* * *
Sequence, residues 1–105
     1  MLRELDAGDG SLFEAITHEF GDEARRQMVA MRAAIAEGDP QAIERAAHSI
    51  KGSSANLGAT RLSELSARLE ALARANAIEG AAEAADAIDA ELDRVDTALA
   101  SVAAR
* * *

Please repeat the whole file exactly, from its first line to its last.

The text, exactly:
Sequence, residues 1–105
     1  MLRELDAGDG SLFEAITHEF GDEARRQMVA MRAAIAEGDP QAIERAAHSI
    51  KGSSANLGAT RLSELSARLE ALARANAIEG AAEAADAIDA ELDRVDTALA
   101  SVAAR